Punkplay, the first of three plays in the “summerworks” festival at the Ohio Theatre, is an exciting, ferocious new play by Gregory Moss, transcending its subjects of punk, the 80s, and adolescence to form a kind of intense and meaningful fever dream, an ode to individuality and, for all adults struggling to make sense of their youth, a nostalgic and insightful look back.
Punkplay, an excellent new play by Gregory Moss being presented as part of the Clubbed Thumb’s “summerworks” festival, is much more complex, introspective, and intelligent than it sounds. In the hands of a less exciting writer, the story of two boys in
If that all sounds very abstract and intellectual, it is and it isn’t. At its core, Punkplay is a coming of age tale—an extremely funny, and appropriately awkward one. It begins in the Spring (as symbolized by the word “Spring” on the wall of Mickey’s room, one of several such signs delineating objects as “porn” or “records”). Mickey (Zegen), a middle-class suburban kid, meets Duck (Anfanger)—the proverbial, world-wise subversive. After running away from home (after a disagreement with his father, or because Duck finds glamour in being an outcast), Duck moves in with Mickey. As the seasons go by, Duck becomes, in his own mind, a beacon of enlightenment; he disparages Mickey’s consumer culture and offers him (or really pressures him into accepting) its antithesis—punk rock. Duck is oppressive and often nasty—he indicts everything in Mickey’s life he doesn’t understand or like as not “punk enough,” including Mickey’s taste in girls, music, and fashion.
The boy's dynamic, often shrouded in energy or homoeroticism, but never forgotten by the playwright, is established at the very beginning of the play: the first time Duck enters Mickey’s room, he criticizes it for not being anti-conformist enough (full of, say, rock pictures and signs of entropy), and Mickey responds that he keeps it that way because he “likes it clean.” To Duck, individuality is subverting an individual’s own desires or self to a counter-culture—to Mickey, it is less defined than that but far more individual—a quieter embrace of personal taste that asks for no confirmation from the outside world. These takes on individuality define the two characters: Duck is angry and insecure, and his love of punk and supposed hatred of America is increasingly dogmatic, whereas Mickey is more genuine and open, and increasingly confused as to why everyone is always trying to tell him how to act.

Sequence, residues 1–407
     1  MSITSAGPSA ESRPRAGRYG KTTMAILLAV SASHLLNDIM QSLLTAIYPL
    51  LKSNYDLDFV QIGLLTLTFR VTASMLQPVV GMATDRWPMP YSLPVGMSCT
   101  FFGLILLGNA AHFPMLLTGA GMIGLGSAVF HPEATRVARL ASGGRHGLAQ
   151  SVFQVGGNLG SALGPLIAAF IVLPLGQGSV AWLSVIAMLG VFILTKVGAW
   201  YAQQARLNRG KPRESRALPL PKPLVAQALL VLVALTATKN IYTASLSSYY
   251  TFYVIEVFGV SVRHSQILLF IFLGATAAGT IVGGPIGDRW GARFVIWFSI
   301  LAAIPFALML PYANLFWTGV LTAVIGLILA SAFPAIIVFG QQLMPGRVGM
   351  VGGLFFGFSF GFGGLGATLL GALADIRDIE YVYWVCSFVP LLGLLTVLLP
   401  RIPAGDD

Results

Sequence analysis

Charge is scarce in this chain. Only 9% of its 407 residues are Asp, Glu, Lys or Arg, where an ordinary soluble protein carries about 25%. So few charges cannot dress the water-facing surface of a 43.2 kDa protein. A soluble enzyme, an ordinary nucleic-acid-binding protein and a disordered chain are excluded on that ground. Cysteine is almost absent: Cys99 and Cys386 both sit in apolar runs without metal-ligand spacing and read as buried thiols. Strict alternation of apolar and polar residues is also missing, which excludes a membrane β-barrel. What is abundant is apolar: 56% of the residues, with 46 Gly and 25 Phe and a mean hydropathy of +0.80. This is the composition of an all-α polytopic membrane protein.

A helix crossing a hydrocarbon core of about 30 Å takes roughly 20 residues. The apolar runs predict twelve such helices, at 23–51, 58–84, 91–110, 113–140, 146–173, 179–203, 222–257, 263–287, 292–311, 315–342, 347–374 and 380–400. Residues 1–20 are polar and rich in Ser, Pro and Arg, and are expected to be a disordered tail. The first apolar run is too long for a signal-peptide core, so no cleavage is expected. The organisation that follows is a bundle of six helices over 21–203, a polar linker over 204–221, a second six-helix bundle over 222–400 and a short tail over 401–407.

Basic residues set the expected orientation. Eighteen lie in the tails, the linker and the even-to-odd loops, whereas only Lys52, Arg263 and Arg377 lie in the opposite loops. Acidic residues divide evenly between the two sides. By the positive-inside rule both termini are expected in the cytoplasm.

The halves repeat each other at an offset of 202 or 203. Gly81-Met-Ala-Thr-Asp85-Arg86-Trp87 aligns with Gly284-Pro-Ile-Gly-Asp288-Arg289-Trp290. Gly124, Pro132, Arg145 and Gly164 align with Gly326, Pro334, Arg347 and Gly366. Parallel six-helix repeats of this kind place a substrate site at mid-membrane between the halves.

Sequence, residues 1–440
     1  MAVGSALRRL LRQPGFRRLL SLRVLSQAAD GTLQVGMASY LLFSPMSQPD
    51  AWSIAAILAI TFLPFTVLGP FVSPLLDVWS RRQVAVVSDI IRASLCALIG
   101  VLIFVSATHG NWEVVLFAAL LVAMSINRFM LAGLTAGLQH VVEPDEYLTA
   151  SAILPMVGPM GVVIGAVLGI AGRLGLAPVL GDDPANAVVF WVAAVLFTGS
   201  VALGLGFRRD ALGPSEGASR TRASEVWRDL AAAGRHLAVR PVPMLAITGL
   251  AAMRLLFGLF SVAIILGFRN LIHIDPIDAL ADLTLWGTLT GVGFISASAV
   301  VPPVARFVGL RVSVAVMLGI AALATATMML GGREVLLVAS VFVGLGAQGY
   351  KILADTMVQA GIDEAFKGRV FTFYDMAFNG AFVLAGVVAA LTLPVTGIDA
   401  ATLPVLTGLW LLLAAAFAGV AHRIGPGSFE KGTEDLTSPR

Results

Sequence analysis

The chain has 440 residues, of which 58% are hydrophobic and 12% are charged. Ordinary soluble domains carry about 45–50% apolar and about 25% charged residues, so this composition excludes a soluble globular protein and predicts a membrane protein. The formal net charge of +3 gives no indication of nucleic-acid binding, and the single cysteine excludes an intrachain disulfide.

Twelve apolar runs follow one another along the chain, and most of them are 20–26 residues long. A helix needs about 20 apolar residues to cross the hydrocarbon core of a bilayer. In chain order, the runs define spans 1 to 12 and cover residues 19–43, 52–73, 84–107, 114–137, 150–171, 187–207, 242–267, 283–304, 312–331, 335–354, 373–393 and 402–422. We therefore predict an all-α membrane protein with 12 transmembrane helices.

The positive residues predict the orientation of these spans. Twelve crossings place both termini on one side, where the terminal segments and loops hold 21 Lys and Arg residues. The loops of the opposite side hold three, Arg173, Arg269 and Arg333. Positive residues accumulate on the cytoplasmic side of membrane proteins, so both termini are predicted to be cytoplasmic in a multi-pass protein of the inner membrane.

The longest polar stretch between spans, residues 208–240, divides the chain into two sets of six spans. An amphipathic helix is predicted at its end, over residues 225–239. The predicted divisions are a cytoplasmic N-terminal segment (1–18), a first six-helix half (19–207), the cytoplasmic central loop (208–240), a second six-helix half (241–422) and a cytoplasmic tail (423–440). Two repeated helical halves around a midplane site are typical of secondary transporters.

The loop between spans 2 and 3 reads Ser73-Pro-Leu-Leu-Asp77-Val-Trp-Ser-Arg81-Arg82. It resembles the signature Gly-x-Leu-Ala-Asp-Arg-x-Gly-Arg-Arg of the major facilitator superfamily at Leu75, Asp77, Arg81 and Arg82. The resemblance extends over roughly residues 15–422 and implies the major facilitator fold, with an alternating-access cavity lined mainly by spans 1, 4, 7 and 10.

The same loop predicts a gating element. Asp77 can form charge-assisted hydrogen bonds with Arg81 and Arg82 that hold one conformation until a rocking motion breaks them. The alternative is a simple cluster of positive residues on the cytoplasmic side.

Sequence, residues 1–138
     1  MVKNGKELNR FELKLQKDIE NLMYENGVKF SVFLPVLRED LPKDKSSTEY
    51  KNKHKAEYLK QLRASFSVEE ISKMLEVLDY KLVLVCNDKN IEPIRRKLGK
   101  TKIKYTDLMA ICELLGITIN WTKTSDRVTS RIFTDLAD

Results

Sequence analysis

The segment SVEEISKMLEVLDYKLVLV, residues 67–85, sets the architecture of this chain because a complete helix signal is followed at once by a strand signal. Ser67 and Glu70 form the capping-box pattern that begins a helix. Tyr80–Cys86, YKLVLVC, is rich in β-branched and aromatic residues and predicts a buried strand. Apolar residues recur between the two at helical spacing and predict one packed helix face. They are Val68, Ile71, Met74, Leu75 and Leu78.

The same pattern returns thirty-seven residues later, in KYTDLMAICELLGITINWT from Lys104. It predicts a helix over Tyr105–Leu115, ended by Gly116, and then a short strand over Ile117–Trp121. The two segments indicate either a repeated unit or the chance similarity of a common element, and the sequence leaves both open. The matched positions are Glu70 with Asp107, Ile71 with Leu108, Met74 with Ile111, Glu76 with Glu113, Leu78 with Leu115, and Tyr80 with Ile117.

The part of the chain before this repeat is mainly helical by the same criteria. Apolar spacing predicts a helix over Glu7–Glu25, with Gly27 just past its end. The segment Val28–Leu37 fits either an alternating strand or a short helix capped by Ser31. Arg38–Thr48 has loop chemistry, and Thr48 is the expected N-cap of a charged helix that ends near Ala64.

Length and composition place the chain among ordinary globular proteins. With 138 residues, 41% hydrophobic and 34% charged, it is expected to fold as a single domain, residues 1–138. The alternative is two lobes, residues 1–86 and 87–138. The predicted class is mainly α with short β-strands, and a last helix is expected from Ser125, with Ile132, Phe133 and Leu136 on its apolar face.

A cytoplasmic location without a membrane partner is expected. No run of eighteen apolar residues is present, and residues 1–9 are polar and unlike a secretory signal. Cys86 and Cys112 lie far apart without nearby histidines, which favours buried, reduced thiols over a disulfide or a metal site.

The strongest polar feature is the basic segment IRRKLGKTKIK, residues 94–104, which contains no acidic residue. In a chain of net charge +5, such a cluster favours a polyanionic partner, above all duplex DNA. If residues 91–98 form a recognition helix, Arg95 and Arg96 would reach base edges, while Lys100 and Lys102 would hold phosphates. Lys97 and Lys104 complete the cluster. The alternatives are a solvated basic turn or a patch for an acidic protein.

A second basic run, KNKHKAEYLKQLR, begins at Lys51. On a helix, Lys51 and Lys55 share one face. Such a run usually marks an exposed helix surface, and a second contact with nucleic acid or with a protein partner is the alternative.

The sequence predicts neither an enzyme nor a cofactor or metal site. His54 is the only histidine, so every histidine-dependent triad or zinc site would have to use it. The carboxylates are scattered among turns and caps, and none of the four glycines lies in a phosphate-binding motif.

As the play continues, Duck becomes meaner and more controlling as Mickey begins to understand the nature of the rules of “punk”—as Mickey, in effect, grows up, leaving the simplicity, artificial safety, and ultimately fear of Duck’s world behind—and the play builds well to its inevitable confrontation. When Mickey finally rejects Duck’s oppressive adherence to the “punk lifestyle,” he does more than simply question why he is expected to submit to unwritten, totalitarian rules (the fabric of societies, of the American 80s, and certainly, of high schools)—he questions whether or not punk is really subversive at all, striking out at the idea of “counter-culturalism” itself. “You talk just like them” Mickey says to Duck, referring to the “jocks” and the "cheerleaders": the language of punk, at least for Duck, is just as homophobic, just as repressed, just as boring, in effect, as the 80s family values it pretends to despise. As Mickey finally steps into the real world (as symbolized by a clever, if strange theatrical usage of roller skates), he does so by rejecting the false security of conformity and dogma--whether it wears a polo shirt or the glam moniker of a punk rocker.
Broadly, Moss’s play is a coming of age story for Mickey, a funny, sexual, earnest play that hides violent and powerful truths just beneath its innocent and entertaining exterior. And, yet the play is about more than Duck or Mickey. The 80s, Moss suggests at the beginning of the play, are like the grundel of
Punkplay (1:40 minutes)
Clubbed Thumb @ Ohio Theatre (
Tickets: theatermania.com or 212-352-3101: $18, (Students, $15)
Performances (through 6/13): Mon-Sun (except Wed.) 8:00 pm